• College ROI: What’s Different for 2014?
    Today PayScale released our 2014 College Return on Investment (ROI) Report and for those who are avid consumers you might notice some changes from previous years. We have refined our methodology this year to deliver what we believe is the most accurate representation on monetary ROI of a college degree.
  • Buying Power of Incomes Is Dropping

    Were you one of those lucky few who were able to hold onto your job during the Great Recession, but still feel the pinch when it comes time to pay bills or buy groceries? Well, you are not alone.

  • Does It Matter Where You Go to School?

    In a time of rising education costs and crippling student debt, future college students need to ask themselves whether the big ticket prices of certain colleges are worth it. In other words, does it matter where you go to school? Will graduating from a top-tier school bring you more financial success?

    Using our extensive database here at PayScale, we decided to take a look at the typical earnings for graduates of common majors and how they differ across a set of schools with different levels of notoriety.

    (Note: find out your earning potential at PayScale.com.)

  • Equal Pay Day Is Misleading

    For those of you who are interested in gender pay gaps, you likely know today (April 17th) is Equal Pay Day. This date "symbolizes how far into 2012 women must work to earn what men earned in 2011," according to the National Committee on Pay Equity.

    However, this statement is misleading and construes the facts about gender pay differentials. Yes, it is true that the average pay of female workers is less than the average pay of male workers. In fact, according to the Bureau of Labor Statistics (BLS), median full-time female workers' pay is only 81 percent of median full time male workers' pay.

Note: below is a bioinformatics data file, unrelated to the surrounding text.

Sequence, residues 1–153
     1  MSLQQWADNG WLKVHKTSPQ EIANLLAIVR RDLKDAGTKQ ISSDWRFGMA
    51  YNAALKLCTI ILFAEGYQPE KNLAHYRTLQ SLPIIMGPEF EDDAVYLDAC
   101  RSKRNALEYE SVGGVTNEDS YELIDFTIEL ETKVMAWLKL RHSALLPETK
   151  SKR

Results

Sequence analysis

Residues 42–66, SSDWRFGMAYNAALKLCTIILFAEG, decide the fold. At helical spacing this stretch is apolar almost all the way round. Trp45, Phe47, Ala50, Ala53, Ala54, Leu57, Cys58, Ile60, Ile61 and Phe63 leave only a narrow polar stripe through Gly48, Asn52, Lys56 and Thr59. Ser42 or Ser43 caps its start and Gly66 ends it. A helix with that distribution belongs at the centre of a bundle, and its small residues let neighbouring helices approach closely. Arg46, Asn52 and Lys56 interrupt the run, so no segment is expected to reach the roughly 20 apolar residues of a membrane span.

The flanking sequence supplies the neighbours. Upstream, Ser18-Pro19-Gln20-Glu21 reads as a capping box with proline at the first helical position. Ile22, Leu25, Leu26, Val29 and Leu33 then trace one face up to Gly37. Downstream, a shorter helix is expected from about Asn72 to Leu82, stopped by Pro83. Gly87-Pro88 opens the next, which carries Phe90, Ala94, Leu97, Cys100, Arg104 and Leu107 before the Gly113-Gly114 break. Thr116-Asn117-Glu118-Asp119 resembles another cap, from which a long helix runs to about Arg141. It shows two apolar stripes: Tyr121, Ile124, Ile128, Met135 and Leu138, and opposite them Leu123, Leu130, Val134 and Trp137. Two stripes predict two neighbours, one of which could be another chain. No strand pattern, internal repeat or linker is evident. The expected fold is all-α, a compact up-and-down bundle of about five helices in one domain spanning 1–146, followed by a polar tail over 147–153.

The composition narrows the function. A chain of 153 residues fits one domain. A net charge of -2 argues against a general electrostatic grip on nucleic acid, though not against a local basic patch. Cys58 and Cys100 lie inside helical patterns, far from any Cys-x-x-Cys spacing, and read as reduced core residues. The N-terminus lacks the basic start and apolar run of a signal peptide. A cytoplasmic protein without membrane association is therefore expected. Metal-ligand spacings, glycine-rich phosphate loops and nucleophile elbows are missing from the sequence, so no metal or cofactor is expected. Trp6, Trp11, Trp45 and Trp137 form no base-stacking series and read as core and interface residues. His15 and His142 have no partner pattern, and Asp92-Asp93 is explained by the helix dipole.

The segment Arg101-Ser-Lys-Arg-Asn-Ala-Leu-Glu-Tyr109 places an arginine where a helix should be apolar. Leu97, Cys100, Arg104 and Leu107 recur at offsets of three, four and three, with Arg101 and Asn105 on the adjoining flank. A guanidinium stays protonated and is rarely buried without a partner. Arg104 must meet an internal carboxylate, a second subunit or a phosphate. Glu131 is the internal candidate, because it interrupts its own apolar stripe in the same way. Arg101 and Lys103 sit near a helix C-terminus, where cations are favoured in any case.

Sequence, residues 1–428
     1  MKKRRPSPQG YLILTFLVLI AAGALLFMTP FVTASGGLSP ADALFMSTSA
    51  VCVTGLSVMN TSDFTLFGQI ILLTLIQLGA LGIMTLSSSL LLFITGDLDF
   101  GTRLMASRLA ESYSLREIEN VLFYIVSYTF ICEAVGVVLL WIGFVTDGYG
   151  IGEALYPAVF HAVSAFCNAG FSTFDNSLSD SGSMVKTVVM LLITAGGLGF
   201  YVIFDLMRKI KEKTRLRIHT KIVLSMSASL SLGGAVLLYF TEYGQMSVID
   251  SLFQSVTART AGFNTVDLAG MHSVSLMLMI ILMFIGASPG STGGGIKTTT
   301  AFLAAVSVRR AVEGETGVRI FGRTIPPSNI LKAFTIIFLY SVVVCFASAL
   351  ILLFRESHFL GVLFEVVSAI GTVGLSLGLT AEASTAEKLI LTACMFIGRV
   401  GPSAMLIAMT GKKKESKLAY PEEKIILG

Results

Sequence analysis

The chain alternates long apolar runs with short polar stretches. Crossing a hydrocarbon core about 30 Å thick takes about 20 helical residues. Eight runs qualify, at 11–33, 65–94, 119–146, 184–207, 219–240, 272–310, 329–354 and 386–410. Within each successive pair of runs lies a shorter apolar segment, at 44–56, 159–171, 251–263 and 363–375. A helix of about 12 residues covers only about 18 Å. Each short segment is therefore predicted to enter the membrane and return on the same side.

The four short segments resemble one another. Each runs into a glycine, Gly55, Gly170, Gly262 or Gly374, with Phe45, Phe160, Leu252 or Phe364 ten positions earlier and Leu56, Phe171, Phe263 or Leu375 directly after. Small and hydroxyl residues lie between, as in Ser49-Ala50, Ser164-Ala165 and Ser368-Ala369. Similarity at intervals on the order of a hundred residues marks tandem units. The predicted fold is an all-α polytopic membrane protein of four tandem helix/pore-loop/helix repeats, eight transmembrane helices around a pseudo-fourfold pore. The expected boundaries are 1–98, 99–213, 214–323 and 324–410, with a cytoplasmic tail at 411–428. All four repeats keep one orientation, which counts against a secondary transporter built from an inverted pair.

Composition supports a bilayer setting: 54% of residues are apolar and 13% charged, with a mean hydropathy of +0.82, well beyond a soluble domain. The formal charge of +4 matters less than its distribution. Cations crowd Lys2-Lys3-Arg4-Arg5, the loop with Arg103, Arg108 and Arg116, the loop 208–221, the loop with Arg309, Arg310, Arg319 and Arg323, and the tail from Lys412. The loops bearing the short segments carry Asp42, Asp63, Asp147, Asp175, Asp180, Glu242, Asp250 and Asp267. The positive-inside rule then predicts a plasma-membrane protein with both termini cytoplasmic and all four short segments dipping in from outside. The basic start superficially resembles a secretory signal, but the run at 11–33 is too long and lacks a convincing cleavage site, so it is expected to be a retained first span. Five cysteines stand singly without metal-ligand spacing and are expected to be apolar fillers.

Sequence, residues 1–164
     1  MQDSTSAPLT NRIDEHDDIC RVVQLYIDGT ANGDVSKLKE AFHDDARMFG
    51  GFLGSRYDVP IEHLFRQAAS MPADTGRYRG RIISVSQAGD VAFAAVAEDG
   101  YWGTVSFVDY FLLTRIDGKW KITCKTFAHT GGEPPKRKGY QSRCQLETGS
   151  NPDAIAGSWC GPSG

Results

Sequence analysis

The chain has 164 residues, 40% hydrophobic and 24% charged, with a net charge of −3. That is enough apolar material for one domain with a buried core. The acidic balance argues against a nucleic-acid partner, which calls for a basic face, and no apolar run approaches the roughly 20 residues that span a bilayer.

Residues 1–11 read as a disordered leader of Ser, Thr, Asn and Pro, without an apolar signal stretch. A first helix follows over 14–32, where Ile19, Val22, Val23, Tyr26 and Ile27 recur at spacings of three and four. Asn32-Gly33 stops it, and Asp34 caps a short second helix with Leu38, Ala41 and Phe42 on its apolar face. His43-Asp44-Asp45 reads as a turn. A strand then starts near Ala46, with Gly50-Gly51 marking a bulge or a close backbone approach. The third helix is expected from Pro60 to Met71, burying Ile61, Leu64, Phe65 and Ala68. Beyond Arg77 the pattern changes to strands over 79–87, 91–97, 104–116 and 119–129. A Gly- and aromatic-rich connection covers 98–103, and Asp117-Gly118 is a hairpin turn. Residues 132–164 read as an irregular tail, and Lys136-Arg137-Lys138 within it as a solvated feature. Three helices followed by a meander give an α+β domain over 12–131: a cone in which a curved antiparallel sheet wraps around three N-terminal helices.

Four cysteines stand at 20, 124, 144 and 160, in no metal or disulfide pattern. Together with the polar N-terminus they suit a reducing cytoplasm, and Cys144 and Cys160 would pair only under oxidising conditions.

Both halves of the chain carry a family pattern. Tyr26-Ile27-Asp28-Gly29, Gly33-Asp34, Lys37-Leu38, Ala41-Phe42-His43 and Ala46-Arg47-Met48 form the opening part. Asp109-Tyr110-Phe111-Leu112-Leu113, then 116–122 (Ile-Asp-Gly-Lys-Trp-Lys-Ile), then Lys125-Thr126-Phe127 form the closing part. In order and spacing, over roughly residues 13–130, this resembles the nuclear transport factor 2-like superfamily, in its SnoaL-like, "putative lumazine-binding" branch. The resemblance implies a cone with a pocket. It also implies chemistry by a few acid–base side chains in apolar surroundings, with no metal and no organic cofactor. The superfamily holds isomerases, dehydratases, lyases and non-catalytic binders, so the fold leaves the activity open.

The issue with these generic statements is they do not control for differences between the two genders that can account for much of this pay gap. Together with the New York Times Economix blog, PayScale took a deep dive into gender pay differentials to see what differences do exist once you control for outside factors. Continue reading after the break to see what we found.

  • Trends in Tips

    Trends in Tips

    Tips are a way of life for many service industry jobs. In fact, for some jobs tips make up over 50 percent of a worker's total take-home pay. During tough economic times these workers often suffer from a decrease in their tips, both due to a decrease in consumerism and to a decrease in generosity.

    This is exactly what we found in our Tipping Study in 2009 -- the year after the beginning of The Great Recession, tips on average fell. However, the opposite is often true during good times. Tips rise as consumers feel their budgets loosen, causing both an increase in consumerism and a potential increase in generosity.

    Today PayScale released our sixth annual Tipping Study, which highlights over 90 jobs that receive tips, the typical amount of these tips, the percent of total take-home pay from tips and the frequency of tips.

    Do you work in a job where pay is dominated by tips and curious about how your pay compares to others like you? Find out with a free PayScale salary report.

  • Pay Goes Nowhere after 40

    In a recent project with blogger/career guru Penelope Trunk, we examined the age at which salaries top out. It turns out pay goes essentially nowhere after age 40. Of course there are some differences across gender, degree level and jobs, but the real lesson is don't expect a raise of any real value in the 25 or so years before retirement.

    In this post I will discuss some interesting insights from the data, as well as how the age at which pay growth stops differs across various worker characteristics.

    Are you earning what you are worth, given your experience, degrees, location and other critical factors that affect your pay? Find out with a free PayScale salary report.